Posh resurrection men

Charles Cowling


Posted by Charles


The remains of horses and wooden chariots have been unearthed from a Zhou Dynasty tomb in Luoyang, Henan Province, China that dates back almost 3,000-years.

The completed excavation unearthed four horse-and-chariot pits, dating back to as far as 770BC, and the pits have well-preserved evidence of bronze ware and ceramics from the Early Western Zhou dynasty.

Whole article here.

Is it extraordinary in these times that, in the name of archaeology, it’s reckoned perfectly okay to dig up long-dead people interred with all due solemnity according to sacred rites, etc, along with their bits and bobs? Are archaeologists any more than grave robbers with A levels?

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Only recently, some Roman human remains were removed from a field near where I live, so that new houses could be built. I occurred to me at the time what a terrible breach of trust this is with those people – that their rites and rituals would be shown such disrespect, to be cleared away for strangers’ necessities. In the next breath it occurred to me that we also need new houses, and if we dig anywhere at all we are almost certain to disturb something sacred or historically important to our ancestors. Vale, that is the one thing of… Read more »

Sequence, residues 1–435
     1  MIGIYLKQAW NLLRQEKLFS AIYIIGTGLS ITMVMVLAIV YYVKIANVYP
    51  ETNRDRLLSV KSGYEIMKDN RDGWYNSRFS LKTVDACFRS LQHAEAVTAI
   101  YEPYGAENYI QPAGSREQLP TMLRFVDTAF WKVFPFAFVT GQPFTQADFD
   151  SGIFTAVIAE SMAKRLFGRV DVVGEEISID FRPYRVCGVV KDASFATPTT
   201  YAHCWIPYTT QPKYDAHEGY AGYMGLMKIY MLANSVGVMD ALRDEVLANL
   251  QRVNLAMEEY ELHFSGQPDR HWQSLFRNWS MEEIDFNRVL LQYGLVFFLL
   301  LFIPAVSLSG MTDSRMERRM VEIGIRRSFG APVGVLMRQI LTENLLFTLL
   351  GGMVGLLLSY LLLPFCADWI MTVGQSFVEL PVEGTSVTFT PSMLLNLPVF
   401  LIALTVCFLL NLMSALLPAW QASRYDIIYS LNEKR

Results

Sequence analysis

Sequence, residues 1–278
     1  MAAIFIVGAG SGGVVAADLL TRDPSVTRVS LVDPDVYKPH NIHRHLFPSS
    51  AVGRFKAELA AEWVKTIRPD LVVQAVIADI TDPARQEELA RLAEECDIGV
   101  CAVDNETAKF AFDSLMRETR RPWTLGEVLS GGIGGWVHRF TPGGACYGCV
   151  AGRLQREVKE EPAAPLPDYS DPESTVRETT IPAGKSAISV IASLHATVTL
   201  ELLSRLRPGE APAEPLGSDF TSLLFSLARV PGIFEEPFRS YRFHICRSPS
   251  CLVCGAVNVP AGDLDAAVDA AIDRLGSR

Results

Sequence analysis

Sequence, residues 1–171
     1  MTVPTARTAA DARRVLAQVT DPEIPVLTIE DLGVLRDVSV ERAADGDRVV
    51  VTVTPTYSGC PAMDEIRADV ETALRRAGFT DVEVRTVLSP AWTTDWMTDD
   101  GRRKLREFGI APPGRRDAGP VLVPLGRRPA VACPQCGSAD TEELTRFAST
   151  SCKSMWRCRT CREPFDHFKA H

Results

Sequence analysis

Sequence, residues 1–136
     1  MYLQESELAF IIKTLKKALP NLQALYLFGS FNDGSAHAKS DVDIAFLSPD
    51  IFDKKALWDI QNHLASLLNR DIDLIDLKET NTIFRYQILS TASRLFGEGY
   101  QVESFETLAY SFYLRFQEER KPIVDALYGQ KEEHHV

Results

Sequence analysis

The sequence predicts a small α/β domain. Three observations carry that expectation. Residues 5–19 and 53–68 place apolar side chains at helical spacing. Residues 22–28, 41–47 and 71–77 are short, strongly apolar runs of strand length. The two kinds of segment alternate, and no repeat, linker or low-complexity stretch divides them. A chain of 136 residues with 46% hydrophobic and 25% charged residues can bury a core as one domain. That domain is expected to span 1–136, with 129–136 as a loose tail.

I draw a different lesson. If history teaches us anything it is that nothing persists. When the culture that created these tombs disappeared so did their significance and what remains is merely loot of one sort or another. Besides, (and this has just struck me) if artefacts, food, animals even servants are entombed together to make provision for the afterlife how long do they have to stay undisturbed to be efficaceous? Did people believe that the afterlife was centred in the tomb? Or that, when the horses throat was slit and the tomb sealed, rider and horse galloped of into… Read more »


If, as appears to be the case here and elsewhere, we consider evidence of ancient religious rites and cultural practices undeserving of our respect and reverence, there seems to be a belief that none of it matters now, and it’s all freely available for us to ransack because it has passed its use-by date. Or possibly because we can’t control our curiosity and there’s no-one with the power to object? Or perhaps we think these antiquated and rather quaint procedures are irrelevant in our more enlightened society, so it’s okay to dig up these artefacts and put them in a… Read more »